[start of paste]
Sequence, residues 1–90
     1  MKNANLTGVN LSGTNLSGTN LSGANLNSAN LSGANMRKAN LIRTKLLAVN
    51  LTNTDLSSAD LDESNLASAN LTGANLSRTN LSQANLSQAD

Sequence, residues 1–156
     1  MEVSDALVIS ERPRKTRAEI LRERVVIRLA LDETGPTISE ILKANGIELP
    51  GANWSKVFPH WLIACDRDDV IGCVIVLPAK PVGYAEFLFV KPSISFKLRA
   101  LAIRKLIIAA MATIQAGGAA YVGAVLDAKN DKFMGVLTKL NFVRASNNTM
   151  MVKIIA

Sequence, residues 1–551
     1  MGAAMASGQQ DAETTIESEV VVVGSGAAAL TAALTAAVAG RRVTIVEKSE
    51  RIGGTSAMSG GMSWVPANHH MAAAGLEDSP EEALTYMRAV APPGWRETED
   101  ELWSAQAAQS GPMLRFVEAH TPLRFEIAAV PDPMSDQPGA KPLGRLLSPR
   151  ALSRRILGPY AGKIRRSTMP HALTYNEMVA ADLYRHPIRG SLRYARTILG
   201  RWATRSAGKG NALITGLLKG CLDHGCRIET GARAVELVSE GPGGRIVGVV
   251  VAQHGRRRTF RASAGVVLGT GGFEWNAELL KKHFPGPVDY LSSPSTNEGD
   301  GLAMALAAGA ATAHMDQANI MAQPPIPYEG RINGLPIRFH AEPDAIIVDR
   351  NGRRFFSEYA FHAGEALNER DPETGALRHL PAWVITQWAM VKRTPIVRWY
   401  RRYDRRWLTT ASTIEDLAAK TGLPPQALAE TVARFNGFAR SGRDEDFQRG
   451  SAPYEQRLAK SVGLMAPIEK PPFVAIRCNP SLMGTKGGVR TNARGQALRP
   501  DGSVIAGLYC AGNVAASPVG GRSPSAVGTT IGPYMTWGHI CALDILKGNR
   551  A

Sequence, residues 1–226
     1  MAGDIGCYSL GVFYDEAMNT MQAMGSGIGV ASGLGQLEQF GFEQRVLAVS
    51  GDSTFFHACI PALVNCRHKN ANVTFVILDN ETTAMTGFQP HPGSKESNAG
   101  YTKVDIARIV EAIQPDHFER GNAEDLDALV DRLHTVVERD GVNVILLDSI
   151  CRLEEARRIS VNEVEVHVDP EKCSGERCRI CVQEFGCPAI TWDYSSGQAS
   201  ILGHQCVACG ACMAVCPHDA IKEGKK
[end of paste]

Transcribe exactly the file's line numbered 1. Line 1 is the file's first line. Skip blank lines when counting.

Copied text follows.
Sequence, residues 1–90